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  • So I've written a couple in my life. The one in my head about my sister's goldfish named Ernie (for a grade school kid, it was pretty profound). The one for my uncle Jim (for an adult who couldn't see straight at that point, it was pretty good). And the one I wrote this weekend for Whitney Houston. I was never a huge fan - big voice, obnoxious synths, neon clothing. Kind of annoying. And this coming from the kid who liked the Beatles and Aretha Franklin and Miles Davis and The Police in high school. But I could understand - she had a huge voice and she could (mostly) control it, and in the world of Flock of Seagulls and Human League, that was a pretty big deal.

    Cut to yesterday. I've got a Tumblr that's devoted to my song-a-week habit, and Sunday is the deadline day. I didn't have anything. Then I heard Whitney had been found, dead, cause unknown. And I started thinking about her. The fame, the drugs, the bad marriage. The neon. But I also thought about the music, and how many people found great joy in it. I remembered liking a couple of the singles, and most of The Preacher's Wife soundtrack (lots of gospel, there was). And then, someone linked to the acappella track from her first album's deluxe re-release, the lead and background vocals for How Will I Know? I listened to it with fresh ears and learned two things. One, I had pretty good ears back in high school - everything I remembered was there was there. And B), Whitney had some pipes on her. Woo. But it was the lyric that caught me. "How will I know if he really loves me?"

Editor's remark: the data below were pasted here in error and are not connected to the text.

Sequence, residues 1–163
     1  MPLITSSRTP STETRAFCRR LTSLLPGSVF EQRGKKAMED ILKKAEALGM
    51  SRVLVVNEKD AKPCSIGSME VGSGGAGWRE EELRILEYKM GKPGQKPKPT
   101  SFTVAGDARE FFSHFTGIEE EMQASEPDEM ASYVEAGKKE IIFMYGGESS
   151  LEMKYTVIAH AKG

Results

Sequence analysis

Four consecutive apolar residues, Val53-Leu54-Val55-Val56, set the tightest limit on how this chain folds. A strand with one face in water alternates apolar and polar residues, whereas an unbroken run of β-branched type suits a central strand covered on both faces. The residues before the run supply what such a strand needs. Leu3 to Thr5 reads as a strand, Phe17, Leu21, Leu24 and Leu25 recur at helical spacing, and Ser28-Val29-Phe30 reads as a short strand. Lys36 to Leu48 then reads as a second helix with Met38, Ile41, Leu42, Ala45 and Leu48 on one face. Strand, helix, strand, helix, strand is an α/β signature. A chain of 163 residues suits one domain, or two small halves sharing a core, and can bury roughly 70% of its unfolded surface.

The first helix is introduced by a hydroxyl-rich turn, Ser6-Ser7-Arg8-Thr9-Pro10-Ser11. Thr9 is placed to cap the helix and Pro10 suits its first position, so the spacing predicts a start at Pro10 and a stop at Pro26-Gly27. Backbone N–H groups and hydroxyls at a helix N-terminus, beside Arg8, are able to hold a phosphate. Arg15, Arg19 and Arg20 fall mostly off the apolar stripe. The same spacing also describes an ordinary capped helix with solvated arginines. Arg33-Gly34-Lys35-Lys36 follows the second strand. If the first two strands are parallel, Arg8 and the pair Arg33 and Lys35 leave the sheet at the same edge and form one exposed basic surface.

Isn't that how everyone feels?

    I found myself opening my writing journal and typing furiously, trying to catch an idea before I lose it. After 20 minutes, I had a complete lyric (albeit with a sub-standard last verse). The next morning, after breakfast, I wrote the music. And spent 30 minutes or so changing keys. (What about Eb minor? No, too dark. Let's try G minor. Nope, not that one either.) I had also been struck by Harry Connick, Jr.'s version of If I Only Had A Brain earlier in the day. It's languid, almost lazy, and a solo piano and voice piece. So I did the same. Then, as I was fiddling with the solo section, I decided to whistle. That, oddly enough, seemed to fit. So there ya go.

    It's not a soulful black woman shattering the air with high notes and melismas, but it's got soul. For me, it's what she gave more than anything: heart and soul, 100% of the time. As my man Sting likes to sing, "Be yourself, no matter what they say." RIP, Whitney. We did love you.
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